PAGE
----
Aug 19, 2007
The Livingston County Democratic Party made its presence known this weekend at the 48th Annual Howell Jaycees Melon Festival.
The party drew a great response marching in the parade Saturday and enjoyed wonderful weather, and all but a few comments were negative. The positive response seems a little strange when we are constantly told we are the minority party in the county and our presence is marginal at best. The party member carrying the sign that said universal health car for all was greeted with applause all along the parade route down Grand River Avenue.
What was noticeably lacking was the presence of the so-called majority party in the county. The county Republicans had no presence in the parade, other than one elected official. A few people, including the chair of the county GOP, marched for U.S. Rep. Mike Rogers, but Rogers was no where to be found. The House took the entire month of August off to be spent it in their district, but Rogers has been as scarce in his home county and district as snow in July. He is becoming harder to see than the Wizard in the story of the Wizard of Oz. Perhaps he can play that role in the upcoming presentation of the classic story by the Community Theater of Howell.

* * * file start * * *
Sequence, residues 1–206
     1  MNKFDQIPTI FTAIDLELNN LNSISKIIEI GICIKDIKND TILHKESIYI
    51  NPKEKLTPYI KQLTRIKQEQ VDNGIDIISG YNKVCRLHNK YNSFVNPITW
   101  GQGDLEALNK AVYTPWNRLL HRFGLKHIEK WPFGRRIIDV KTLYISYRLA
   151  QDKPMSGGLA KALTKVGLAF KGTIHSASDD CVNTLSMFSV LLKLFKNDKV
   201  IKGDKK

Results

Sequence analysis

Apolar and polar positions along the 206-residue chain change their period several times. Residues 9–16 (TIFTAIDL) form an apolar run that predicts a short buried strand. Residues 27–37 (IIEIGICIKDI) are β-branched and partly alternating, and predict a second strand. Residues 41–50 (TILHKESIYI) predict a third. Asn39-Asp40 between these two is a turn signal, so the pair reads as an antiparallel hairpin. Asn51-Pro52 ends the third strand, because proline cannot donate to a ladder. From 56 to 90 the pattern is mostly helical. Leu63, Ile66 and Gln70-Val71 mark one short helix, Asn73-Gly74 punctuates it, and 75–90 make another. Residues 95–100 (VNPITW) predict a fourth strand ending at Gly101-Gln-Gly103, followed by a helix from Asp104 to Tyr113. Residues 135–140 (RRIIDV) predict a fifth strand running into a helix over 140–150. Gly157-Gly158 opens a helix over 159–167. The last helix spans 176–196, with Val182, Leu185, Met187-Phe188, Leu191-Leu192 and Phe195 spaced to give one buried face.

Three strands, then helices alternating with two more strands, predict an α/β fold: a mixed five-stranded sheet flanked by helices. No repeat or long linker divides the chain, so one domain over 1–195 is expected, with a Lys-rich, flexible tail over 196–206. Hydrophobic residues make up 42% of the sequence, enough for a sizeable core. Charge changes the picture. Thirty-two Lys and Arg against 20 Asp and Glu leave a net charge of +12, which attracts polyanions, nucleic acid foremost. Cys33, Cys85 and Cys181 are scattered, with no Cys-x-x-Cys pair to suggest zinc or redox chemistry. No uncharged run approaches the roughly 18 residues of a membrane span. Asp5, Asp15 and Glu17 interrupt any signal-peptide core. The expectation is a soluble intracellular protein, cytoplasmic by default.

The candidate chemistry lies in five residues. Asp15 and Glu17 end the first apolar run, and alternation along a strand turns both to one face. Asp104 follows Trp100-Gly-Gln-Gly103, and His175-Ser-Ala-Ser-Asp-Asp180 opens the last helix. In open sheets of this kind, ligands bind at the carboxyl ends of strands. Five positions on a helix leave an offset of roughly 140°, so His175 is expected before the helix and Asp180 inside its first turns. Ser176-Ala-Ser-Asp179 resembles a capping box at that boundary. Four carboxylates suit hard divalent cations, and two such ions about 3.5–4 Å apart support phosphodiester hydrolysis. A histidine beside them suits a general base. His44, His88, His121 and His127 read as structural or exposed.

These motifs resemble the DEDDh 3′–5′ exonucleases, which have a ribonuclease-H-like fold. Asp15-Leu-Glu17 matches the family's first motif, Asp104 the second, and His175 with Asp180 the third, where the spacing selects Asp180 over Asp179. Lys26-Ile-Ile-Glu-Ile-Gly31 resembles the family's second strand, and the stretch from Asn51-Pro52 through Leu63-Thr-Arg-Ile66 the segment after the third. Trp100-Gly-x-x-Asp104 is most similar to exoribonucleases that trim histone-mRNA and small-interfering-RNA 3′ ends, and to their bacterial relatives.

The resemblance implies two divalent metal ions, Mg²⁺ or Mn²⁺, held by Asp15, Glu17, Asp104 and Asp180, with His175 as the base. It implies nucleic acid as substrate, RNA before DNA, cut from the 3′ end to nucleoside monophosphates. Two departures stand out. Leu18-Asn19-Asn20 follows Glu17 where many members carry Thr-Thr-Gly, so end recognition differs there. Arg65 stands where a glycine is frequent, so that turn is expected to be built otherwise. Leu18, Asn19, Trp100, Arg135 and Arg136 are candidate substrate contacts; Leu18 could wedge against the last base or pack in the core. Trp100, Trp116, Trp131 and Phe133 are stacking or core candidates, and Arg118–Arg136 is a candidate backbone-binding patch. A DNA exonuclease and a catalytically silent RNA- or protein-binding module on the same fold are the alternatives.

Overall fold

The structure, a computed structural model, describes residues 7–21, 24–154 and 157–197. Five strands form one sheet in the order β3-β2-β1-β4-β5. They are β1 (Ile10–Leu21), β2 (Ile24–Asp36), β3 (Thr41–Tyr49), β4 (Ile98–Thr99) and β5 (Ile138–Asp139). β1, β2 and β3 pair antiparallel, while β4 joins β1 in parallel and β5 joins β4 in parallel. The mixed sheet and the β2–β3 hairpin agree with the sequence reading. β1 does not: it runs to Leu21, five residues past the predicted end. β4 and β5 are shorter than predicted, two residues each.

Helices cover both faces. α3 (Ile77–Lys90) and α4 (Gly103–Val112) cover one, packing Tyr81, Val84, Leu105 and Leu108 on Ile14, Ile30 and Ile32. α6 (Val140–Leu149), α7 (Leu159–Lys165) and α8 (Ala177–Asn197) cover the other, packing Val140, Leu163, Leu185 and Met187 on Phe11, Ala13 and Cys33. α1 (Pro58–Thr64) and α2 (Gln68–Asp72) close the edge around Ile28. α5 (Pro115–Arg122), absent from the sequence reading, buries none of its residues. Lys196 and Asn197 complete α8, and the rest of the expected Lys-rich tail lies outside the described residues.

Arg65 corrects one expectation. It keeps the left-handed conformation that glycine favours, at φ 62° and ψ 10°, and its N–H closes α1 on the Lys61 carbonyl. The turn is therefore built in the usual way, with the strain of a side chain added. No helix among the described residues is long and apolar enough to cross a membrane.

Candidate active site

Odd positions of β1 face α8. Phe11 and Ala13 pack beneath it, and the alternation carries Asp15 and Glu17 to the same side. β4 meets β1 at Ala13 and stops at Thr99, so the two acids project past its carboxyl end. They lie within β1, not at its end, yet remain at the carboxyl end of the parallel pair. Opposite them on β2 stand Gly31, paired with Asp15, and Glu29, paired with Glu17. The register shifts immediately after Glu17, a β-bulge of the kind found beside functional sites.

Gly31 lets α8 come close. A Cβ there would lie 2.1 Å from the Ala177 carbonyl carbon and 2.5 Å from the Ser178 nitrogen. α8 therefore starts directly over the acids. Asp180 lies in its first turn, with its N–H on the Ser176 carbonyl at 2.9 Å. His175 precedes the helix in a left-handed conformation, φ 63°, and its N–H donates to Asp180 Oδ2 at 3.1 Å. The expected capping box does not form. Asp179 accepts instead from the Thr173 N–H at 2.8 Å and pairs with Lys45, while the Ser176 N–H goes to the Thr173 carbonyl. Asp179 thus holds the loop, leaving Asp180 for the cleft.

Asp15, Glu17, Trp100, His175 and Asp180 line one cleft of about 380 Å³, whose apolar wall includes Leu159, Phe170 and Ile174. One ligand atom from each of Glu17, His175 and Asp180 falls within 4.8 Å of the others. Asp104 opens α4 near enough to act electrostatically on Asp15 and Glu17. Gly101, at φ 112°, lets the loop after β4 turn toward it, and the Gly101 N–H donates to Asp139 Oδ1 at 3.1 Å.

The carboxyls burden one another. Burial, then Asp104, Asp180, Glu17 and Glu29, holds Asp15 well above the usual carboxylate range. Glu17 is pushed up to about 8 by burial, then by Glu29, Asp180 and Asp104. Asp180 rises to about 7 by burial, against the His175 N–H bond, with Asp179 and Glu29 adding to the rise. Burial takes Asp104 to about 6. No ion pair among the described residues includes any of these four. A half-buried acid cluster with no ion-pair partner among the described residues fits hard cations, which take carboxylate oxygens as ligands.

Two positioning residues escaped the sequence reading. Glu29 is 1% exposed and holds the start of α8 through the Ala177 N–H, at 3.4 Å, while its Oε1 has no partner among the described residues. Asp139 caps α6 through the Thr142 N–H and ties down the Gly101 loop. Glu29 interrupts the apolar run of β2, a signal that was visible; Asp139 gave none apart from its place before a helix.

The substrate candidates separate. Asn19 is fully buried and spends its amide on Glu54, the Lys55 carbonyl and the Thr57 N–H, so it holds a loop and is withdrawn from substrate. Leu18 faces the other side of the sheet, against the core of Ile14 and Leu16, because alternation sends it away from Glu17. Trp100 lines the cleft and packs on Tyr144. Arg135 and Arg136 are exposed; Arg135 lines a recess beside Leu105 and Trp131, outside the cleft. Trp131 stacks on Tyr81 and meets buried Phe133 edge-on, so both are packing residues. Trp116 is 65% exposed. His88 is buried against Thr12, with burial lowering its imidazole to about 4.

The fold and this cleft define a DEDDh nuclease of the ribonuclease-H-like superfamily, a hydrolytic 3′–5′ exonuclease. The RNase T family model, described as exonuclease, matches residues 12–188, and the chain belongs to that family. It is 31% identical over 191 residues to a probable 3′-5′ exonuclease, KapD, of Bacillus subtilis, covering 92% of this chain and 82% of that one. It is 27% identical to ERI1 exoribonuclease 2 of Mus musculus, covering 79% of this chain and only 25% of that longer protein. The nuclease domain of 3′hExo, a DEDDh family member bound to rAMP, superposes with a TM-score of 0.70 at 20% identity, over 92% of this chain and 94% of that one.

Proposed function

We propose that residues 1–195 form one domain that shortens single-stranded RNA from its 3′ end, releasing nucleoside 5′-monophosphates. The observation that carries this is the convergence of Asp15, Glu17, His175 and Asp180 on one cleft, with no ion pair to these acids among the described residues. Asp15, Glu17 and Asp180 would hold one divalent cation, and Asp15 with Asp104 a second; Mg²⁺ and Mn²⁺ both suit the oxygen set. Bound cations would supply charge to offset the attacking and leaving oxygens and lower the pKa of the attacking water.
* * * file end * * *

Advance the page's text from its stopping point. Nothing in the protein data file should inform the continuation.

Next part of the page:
The Republicans in Livingston County hold the Congressional seat, the state Senate seat, the two state House seats and all of the nine Board of Commissioner seats, but the only elected official in the parade was state Sen. Valde Garcia, to his credit. Our two state Representatives were absent, but that was really no surprise. Rep. Chris Ward, R-Brighton, even blew off the parade last year during an election year.
On Sunday I did a shift working in the Democratic Party booth, – tent actually - and despite the terrible, rainy weather – which we really needed so it’s OK – we did talk to a few people. Those who worked on Saturday said the response was tremendous. Of the few people I talked to the most depressing was the man who stopped by with his two young daughters to get some stickers for them.
He is set to lose his job and health insurance in less two weeks. For the past seven years he has been a custodian at Howell Public Schools, but the school board voted to fire him and 39 of his co-workers and privatize the service. He said the union was more than willing to make concessions, but the board went for the indefensible position of getting rid of 40 loyal employees.